When my husband cuts a slice of bread – several slices in fact, one after the other with extreme ease – from an unsliced loaf, every slice is undeniably uniform. Each beautifully manicured layer of bread is near-as-dammit the same thickness as the next, and every edge on every single slice is of similar thickness to its mate within milimetre accuracy, creating a collection of repeating rectangular cuboids, perfect parallelograms of pleasing size and scale.
However, whenever I attempt to cut a slice or two of bread from an uncut loaf, be prepared for a level of randomness in shape and thickness that defies basic geometry. Imagine Pablo Picasso representing sliced bread on canvas and you begin to get the picture. For some reason I seem to be pathalogically incapable of carving any kind of straight line through bread. I usually end up with a couple of rough-hewn irregular rhomboids – no right angles, sides of unequal length, erratic edges on a sliding thickness scale of emaciated to obese.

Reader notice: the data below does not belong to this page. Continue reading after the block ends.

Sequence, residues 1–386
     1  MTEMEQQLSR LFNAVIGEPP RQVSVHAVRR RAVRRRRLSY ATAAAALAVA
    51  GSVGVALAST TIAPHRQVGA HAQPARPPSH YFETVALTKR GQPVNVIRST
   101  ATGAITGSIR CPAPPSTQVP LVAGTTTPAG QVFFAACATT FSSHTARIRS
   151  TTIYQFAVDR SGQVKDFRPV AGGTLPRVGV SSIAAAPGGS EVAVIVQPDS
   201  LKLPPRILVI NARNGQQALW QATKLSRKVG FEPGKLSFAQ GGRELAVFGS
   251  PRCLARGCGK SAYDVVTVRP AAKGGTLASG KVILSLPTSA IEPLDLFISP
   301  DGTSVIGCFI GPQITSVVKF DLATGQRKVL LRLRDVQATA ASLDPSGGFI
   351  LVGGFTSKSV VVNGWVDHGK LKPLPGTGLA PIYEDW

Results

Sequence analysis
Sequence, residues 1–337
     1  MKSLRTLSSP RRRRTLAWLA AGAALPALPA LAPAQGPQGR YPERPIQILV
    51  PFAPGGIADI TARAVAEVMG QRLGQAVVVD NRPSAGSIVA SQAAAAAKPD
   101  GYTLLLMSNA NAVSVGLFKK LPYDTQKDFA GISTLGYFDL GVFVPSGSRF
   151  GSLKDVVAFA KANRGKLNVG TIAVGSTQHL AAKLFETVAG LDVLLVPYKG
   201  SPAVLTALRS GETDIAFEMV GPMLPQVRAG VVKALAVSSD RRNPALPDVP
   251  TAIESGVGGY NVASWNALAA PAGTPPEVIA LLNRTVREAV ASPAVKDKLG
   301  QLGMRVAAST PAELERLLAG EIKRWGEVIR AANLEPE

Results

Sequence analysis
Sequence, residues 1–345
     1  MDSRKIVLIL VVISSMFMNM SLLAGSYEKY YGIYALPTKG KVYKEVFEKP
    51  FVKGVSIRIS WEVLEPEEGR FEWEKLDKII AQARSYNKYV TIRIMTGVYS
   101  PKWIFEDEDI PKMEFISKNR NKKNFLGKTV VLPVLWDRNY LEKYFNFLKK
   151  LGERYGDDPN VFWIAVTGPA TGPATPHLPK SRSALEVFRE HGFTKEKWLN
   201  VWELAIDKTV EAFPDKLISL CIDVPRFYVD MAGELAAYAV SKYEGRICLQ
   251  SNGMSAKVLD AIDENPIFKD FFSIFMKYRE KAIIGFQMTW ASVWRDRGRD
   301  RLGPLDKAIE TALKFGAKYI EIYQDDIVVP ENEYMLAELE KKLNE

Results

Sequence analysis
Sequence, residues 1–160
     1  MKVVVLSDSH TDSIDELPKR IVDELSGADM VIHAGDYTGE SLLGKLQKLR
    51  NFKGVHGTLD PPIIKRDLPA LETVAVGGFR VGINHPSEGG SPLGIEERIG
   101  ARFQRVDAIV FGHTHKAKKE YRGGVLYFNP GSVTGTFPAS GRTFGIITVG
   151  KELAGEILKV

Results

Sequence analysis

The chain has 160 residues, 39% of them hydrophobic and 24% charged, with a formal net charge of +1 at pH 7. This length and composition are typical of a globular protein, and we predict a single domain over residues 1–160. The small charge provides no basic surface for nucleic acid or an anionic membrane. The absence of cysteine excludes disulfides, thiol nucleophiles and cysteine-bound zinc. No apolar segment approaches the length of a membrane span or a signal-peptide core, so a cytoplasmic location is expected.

But I don’t really mind. Bread is bread, however you want to slice it, and I have to say I find my rustic doorstop slices bring a creative uniqueness to my sandwiches or to my toast that I am extemely fond of… Well, that’s my story and I’m sticking to it! 🙂